This word turned up in a review I read over the holiday break of Richard Mabey’s new book, The Cabaret of Plants. Checking my files, I found that I’d seen it in two earlier articles in British newspapers in the past decade. Both say, as Mabey does, that it was a word invented in the nineteenth century as a derogatory reference to the obsessive collection of rare orchids.
A search found other examples in British and American books and newspapers, most of which likewise suggested that it was well over a century old. The earliest was in the Daily Herald of Chicago in April 1999: “the Victorians coined a word, ‘orchidelirium,’ for their peculiar obsession.”
However, searches in databases of nineteenth-century books and newspapers in Britain, North America, Australia and New Zealand failed to find a single example. Nor was there any usage on record of the full phrase orchid delirium, though orchid mania was used.
What struck me also was how uncommon a coinage of the period it would have been. Though blended words — what Lewis Carroll called portmanteau terms — were invented and used to some extent, they weren’t usually devised by joining the final letter of one word to the first letter of the second.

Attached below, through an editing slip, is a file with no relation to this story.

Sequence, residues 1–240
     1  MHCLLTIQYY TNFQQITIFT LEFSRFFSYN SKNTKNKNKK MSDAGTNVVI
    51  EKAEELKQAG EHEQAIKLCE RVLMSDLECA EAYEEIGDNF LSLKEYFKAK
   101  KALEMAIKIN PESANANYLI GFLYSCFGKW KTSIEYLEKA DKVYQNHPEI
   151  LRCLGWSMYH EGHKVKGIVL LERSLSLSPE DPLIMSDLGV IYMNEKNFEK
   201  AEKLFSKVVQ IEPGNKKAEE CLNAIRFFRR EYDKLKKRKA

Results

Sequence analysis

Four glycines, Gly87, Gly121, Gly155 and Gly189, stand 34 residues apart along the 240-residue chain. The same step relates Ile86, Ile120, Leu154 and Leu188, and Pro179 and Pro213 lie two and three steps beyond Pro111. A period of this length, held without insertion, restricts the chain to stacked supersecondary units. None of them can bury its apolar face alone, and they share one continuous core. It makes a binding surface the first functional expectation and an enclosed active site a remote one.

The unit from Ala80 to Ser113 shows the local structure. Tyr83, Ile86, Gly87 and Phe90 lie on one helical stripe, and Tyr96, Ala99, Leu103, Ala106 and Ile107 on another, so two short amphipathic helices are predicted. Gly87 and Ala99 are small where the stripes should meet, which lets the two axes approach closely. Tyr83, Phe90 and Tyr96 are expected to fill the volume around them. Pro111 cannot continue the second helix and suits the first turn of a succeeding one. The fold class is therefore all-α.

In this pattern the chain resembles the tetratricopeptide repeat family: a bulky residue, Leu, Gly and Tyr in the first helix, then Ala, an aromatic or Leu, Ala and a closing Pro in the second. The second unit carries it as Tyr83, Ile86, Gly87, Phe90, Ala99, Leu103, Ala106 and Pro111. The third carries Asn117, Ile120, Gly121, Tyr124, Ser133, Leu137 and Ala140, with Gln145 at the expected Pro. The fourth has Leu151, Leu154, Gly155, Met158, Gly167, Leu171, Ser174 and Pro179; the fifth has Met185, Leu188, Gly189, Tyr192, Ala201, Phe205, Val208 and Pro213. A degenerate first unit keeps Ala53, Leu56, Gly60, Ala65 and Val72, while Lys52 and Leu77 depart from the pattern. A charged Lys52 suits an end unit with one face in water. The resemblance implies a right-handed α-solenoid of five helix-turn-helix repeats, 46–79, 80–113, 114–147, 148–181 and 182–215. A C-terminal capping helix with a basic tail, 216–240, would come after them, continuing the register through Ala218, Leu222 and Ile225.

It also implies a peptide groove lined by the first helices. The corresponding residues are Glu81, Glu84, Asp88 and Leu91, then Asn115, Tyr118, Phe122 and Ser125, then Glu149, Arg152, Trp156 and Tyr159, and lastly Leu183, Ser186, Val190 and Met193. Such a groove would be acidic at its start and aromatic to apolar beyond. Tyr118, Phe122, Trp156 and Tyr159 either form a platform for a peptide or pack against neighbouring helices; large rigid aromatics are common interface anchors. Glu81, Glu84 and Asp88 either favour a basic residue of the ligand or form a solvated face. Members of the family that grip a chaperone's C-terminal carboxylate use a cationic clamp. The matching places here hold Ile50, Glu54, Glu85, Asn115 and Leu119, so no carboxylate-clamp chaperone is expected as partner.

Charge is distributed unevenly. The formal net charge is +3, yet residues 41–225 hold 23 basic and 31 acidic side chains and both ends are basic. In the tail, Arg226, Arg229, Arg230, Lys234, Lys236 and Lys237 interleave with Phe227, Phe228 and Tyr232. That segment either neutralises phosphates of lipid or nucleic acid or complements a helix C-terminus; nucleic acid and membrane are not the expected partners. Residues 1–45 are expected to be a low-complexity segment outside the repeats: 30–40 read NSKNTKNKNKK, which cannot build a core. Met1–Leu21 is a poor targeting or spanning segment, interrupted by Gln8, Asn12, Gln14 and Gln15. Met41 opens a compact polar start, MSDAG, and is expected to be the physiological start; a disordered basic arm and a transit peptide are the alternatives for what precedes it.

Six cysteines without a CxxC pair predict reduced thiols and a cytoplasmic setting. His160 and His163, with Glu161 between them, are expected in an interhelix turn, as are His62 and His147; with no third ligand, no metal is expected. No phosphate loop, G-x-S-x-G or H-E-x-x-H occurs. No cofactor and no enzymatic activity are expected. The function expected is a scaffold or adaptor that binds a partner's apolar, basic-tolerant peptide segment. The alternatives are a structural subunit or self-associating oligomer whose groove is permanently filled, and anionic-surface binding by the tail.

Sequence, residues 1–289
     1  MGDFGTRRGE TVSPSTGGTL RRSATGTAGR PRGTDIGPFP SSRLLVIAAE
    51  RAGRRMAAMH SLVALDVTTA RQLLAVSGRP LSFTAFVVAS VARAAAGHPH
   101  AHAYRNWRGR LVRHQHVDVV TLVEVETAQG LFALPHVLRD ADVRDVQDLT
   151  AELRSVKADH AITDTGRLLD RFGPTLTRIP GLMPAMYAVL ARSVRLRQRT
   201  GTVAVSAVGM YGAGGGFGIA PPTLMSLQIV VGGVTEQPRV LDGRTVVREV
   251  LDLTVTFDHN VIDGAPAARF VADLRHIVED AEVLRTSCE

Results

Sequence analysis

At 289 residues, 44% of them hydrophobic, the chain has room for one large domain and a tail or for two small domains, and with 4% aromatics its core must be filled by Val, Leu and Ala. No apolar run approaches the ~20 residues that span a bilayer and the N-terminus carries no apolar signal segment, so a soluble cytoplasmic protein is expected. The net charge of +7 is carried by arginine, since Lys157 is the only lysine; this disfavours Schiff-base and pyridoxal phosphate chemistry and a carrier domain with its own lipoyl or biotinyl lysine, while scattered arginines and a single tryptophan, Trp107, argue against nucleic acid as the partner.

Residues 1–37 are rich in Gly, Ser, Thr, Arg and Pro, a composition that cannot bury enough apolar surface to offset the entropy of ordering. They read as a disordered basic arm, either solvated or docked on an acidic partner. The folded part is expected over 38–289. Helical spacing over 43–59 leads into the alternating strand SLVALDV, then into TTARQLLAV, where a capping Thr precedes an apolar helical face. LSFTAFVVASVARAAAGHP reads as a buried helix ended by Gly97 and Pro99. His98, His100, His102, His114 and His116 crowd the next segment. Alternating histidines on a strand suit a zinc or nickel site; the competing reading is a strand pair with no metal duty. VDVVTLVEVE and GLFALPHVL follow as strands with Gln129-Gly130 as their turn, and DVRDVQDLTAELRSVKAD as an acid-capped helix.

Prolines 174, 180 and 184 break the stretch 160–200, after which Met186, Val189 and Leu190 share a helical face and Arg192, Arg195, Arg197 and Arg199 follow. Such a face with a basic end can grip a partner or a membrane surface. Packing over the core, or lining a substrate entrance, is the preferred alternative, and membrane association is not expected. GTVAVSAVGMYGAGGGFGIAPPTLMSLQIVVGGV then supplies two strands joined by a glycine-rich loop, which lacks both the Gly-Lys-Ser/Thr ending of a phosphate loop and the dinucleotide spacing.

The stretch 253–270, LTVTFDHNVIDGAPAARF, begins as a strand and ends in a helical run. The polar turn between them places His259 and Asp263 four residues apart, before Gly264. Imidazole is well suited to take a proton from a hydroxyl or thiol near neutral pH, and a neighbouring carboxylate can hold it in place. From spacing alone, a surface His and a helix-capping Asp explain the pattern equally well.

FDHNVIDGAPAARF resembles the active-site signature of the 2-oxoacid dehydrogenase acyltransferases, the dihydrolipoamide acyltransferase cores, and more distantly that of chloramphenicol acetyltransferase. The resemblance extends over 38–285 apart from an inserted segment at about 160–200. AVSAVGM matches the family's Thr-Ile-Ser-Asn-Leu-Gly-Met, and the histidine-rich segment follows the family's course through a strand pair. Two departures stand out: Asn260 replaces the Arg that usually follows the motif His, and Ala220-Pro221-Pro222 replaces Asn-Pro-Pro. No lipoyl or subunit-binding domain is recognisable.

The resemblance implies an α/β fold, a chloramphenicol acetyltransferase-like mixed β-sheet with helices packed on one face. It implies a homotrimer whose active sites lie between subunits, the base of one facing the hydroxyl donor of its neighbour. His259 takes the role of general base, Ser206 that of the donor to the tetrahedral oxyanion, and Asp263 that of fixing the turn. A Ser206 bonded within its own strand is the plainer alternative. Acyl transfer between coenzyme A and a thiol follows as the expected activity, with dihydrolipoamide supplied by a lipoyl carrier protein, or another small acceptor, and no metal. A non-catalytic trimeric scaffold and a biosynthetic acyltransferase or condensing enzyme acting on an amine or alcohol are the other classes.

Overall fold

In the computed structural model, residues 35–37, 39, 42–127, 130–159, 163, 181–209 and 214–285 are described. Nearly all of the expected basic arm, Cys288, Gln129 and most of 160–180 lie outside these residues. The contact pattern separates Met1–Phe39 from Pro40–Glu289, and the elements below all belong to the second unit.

So if it wasn’t Victorian, where did it come from?
The cover of the July/August 1986 issue of Garden.
The clue came in the journal Biology Digest of 1986. A reference there led me to an article in the July-August 1986 issue of Garden magazine, published for the New York Botanical Garden. It was about the avid orchid collectors of the nineteenth century and was written by Peter Bernhardt, now Professor of Biology at St Louis University, Missouri.
His article was entitled Orchidelirium. However, he tells me he didn’t invent the word: it was most probably coined by the editor of the magazine, the late Ann Botshon.
It’s yet another example of people copying from one another. Somebody must have mistakenly thought Prof Bernhardt had encountered the word during his research. Others reproduced the assumption. As time passed, the link with the original article was lost and the factoid about when orchidelirium was invented took on the status of received truth.
[My thanks to Professor Bernhardt and to Esther Jackson of the New York Botanical Garden’s library for their assistance with this article. The image is reproduced by kind permission of The LuEsther T Mertz Library of The New York Botanical Garden.]